Tuesday, September 27, 2011

MoMday Night Seminar 24: Available for FREE Download

McLuhan on Maui 2011 MoMday night Seminar 24. Sept 19, 2011. Available for FREE download here.

Brief outline of themes and topics as they were TWEETED in [sur]real time:
MoM NOW: We're at the 2hr mark. Recording is now at end. See you all next week. THANK YOU. @Bob Dobbs was on form

MoM NOW: Kroker technologizes the simple sense of seeing, shows the fractal is superseded by anamorphosis...Ion as anamorphic phenomenon
MoM NOW: [themes under discussion] The telematic matrix and the neo-medievalism for the new age, theme parks, the hysterical male
MoM NOW: p. 142 (again)...Combinatorial politics for the network body and the Clinton hologram [exploring Kroker's language for the 90s]
MoM NOW: Taking it back to basics... what does it mean to question technology (going to Heidegger) and then back into Kroker.
MoM NOW: Images of convulsion in the media net, .TIFF psychology, Tiff personalities, virtual personalities (para-modernist psychology)
MoM NOW: Adobe Photoshop optics (in the 90s), Kroker's def of the virtual, the virtual elite[Kroker's Gibson-esque vocab] See @GreatDismal
MoM NOW: Spasm, the hysterical male, the possessed individual, Marilouise Kroker, ...[and a voice intrudes]
MoM NOW: @robbwindow are you listening in? When are you getting in there with your questions and insights
MoM NOW: The legacy of culture the the grievance of 70's-90s literate feminists, Madonna and the post-feminist 80s, the slowness of academia
@spell says 'Munton' could be Mun ton, Mun-ton, Mutton, Minting, Mountain, Mounting, Munition, Mouton, Monotone or Monotony.
MoM NOW: McLuhan and Tom Wolfe (who never got it?), But how come that Kroker never taught McLuhan? Darkmatter's rage at Kroker

[TWITTER is/was currently overloaded so the recovery of [ssur]real time TWEETS of this session have not been recovered]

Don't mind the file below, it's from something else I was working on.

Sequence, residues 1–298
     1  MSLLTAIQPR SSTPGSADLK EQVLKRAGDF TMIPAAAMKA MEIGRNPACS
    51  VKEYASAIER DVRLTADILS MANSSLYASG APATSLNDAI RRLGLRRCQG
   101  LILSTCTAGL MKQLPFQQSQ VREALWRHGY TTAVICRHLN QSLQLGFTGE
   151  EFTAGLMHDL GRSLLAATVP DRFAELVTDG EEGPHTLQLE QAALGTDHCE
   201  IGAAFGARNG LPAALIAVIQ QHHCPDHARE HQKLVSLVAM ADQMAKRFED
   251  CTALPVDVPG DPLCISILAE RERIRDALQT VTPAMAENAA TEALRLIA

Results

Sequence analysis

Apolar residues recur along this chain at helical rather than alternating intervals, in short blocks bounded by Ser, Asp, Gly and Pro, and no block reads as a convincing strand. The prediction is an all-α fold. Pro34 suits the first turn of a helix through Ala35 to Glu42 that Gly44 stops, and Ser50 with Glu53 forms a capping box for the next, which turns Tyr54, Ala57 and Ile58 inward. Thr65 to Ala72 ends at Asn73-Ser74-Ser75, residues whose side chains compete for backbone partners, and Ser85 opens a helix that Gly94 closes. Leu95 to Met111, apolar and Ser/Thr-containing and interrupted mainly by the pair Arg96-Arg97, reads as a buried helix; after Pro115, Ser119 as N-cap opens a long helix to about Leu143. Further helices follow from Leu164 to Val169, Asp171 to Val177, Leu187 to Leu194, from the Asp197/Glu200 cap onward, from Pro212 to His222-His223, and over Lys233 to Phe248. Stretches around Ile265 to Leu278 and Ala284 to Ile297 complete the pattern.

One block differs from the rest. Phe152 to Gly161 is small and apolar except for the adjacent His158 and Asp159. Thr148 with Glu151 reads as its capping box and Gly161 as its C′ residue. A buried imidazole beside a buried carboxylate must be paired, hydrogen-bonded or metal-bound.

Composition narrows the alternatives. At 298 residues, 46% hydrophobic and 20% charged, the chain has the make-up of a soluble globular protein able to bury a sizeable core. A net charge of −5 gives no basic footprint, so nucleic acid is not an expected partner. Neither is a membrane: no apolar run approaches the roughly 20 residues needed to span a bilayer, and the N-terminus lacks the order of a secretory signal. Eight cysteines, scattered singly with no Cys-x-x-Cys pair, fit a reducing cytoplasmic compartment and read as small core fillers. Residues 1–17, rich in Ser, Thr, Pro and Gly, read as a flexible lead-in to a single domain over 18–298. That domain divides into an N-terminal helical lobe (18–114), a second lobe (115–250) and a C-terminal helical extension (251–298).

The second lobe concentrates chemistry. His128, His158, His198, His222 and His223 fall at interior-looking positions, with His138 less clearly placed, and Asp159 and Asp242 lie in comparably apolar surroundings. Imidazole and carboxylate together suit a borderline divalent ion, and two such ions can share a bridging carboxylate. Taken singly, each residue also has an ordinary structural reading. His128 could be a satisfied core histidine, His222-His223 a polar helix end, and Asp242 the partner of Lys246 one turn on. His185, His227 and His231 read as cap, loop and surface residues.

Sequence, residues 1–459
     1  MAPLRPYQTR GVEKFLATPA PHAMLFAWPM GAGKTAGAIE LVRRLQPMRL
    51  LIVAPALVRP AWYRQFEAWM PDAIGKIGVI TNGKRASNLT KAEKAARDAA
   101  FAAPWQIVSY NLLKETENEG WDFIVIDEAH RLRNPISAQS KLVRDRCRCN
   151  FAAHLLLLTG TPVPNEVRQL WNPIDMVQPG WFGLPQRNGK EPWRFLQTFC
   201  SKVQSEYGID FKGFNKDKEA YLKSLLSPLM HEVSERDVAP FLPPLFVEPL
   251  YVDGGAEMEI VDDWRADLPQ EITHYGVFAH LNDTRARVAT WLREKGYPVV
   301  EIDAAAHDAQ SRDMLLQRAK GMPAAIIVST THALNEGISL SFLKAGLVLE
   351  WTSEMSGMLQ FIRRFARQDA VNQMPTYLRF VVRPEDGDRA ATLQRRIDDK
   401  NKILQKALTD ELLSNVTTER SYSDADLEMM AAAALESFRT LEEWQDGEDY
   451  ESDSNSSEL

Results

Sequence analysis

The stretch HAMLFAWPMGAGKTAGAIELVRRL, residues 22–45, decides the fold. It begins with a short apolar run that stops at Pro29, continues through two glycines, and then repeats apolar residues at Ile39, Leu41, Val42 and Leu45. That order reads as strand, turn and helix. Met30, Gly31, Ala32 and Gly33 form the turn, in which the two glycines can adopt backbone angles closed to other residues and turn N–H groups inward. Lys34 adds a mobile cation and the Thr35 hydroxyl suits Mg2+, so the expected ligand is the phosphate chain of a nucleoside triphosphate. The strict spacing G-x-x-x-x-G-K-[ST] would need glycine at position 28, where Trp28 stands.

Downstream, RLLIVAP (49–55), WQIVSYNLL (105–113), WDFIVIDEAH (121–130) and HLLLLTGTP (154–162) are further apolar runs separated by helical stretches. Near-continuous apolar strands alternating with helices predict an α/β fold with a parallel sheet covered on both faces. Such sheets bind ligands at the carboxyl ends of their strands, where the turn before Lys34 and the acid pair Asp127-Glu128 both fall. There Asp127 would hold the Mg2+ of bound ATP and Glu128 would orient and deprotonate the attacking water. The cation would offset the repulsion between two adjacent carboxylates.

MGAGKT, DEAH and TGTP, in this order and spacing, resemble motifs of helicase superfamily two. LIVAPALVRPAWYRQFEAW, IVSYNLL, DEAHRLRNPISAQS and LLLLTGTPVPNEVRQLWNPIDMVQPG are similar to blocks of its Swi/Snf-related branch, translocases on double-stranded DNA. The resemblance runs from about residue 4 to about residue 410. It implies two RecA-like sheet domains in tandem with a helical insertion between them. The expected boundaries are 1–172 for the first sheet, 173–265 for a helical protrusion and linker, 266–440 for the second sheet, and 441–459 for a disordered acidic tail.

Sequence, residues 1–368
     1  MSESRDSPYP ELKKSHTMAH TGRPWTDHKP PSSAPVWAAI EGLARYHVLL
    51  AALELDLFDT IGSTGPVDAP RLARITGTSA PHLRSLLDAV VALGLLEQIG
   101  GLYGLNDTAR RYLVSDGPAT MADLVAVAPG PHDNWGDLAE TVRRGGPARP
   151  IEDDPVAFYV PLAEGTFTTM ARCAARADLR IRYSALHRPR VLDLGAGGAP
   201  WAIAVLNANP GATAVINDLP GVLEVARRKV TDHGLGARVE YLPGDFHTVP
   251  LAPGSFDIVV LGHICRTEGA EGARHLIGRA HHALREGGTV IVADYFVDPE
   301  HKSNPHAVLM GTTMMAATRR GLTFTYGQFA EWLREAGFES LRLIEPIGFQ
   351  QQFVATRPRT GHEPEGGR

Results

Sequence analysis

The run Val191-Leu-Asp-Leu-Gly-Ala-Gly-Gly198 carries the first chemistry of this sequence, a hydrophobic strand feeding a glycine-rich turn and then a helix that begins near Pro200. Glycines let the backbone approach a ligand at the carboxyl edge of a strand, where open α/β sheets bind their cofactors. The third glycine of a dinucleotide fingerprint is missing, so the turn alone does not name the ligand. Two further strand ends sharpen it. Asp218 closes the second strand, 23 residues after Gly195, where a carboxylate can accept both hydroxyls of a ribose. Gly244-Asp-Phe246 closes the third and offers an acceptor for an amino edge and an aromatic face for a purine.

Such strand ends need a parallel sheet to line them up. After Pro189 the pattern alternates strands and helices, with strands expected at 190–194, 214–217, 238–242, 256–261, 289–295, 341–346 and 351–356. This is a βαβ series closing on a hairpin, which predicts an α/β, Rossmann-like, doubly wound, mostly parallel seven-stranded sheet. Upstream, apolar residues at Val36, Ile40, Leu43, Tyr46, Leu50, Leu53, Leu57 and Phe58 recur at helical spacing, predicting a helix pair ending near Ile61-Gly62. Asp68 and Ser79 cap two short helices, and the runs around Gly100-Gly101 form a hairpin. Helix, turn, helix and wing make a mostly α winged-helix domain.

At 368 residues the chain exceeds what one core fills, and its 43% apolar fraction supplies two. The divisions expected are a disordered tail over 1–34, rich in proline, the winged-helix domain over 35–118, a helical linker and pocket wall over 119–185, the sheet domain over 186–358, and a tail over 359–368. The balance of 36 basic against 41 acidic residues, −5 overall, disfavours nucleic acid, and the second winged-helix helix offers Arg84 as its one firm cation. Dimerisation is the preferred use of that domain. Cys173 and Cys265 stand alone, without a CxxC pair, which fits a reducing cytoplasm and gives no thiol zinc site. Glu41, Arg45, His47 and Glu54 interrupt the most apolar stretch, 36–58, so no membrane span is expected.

1 comment:

Anonymous said...

Did Orwell really pursue media studies after he reevaluated the work of Wyndham Lewis? Is Newspeak a new medium?

I may be mistaken, as I more familiar with Orwell’s output during the late 40s and not so about the earlier periods, but I doubt that Lewis has anything to do with this. I am not even sure that Orwell’s work could qualify as media studies.

When Orwell turned his gunsights to propaganda in the mid-30s and to English as (misused) mass medium in the mid-40s, his analyses were of the prescriptive type. Lewis, G.K. Chesterton, T.S. Eliot were often quoted with mixed opinion during that period. but by the time he started to work on 1984 (1946?), Lewis is no longer mentioned in his essays and recensions. His interests shifted to language and authoritarian regimes.

I think that Orwell’s inclination to go for a fight against intellectuals really prevented him to enter into media studies. Of Finnegans Wake, Orwell said “one can suspend judgment; in fifteen years it will be either intelligible or forgotten” (Review of James Joyce by Harry Levin, Manchester Evening News, 2 March 1944). Of Practical Criticism, he recommended the book “for anyone who wants a good laugh” (As I Please 23, Tribune, 5 May 1944). To name a few of the books and authors that McLuhan praised.

On the other hand Orwell was very familiar with the work of C.K. Ogden on Basic English, of which, for quite obvious reasons, I.A. Richards was a great supporter. Orwell has been commissioned by the BBC to develop a radio programme in BA during the war and as a result he was probably conscious of the effects of text translation, even when doing so in a familiar language.

Some people think that Orwell turned against Basic English and universal languages after the war. Some others argue instead that he simply “drew on his knowledge of Ogden’s universal language to forecast the dangers to unorthodox thought posed by language control.” (Modernist Heresies, Damon Franke, Ohio State University Press, 2008. This book also contains an interesting piece about Ogden’s own attempt to translate Finnigans Wake into BA and how Joyce transformed his text in response to Ogden’s work.)